Published  02/02/2003

New acquisition: Quattro Stagioni by Cy Twombly, Tate Modern, London

New acquisition: Quattro Stagioni by Cy Twombly, Tate Modern, London

American artist Cy Twombly has four tall canvases on exhibition at the Tate Modern. 'Quattro Stagioni' (Four Seasons), a painting in four parts, was executed during the period 1993-94. The Edinburgh exhibition was the first solo exhibition in Scotland. The paintings currently on display at Tate Modern, coming so soon after the Barnett Newman retrospective, illustrate how very different Twombly's oeuvre is from the mainstream of American Abstract art. Twombly's 'Quattro Stagioni' shows that, through an abstract language, the artist is able to convey tender, amusing, mournful sentiments. They are at once expressive of a wide range of emotions. Words are written loosely on the canvas - a form of civilised graffiti.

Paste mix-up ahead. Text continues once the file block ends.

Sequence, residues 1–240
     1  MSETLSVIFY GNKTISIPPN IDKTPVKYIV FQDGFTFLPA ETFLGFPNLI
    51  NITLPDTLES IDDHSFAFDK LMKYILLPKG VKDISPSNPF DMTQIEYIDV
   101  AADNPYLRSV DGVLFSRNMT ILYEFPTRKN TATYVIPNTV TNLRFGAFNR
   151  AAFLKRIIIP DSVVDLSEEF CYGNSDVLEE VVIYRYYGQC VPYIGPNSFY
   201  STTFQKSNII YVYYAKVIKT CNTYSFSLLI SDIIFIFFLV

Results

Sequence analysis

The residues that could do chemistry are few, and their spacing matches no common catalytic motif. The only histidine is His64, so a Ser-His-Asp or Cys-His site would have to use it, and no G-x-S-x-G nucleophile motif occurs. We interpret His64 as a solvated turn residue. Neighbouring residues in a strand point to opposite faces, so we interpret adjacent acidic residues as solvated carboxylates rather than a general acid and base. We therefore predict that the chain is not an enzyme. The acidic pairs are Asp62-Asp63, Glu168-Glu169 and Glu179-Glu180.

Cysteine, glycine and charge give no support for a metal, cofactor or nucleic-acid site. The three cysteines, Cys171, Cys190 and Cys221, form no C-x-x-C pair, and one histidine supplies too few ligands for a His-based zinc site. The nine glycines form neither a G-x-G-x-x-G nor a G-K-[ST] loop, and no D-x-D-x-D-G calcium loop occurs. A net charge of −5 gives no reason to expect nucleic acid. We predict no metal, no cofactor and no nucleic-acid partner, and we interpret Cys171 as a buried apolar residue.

The purchase of 'Quattro Stagioni' was made possible by the American fund for the Tate Gallery. Like many artists, composers and poets who have written about the seasons, or painted images of the passing of time, there is here a celebration of ephemeral beauty, lost love. Twombly's canvases convey a mood of decline and loss. The autumn panel is the most relaxed. The artist attributes his inspiration for this and subsequent panels to the wine harvest at Bassano in Teverina, a village north of Rome. Twombly's 'Spring' is erotic and passionate, the words on the canvas resemble a love letter. There are, in Twombly's paintings, connotations that go beyond the seasons; references are made to war, European myth, history, doomed desire. Twombly has been described as the least American of the great American artists - due in large part to the fact that he has lived, since 1957, in Rome. Had he stayed in America, he would certainly have benefited from the climate there, which supported Abstract Expressionist art. The words on Twombly's canvases are a spontaneous and poetic response to his interest in myth and the history of art. They are a fluid and sensual response, not just to personal experience, but to the work of previous artists, to a society at odds with poetry and philosophy. They are a splendid new treasure for the Tate Gallery.

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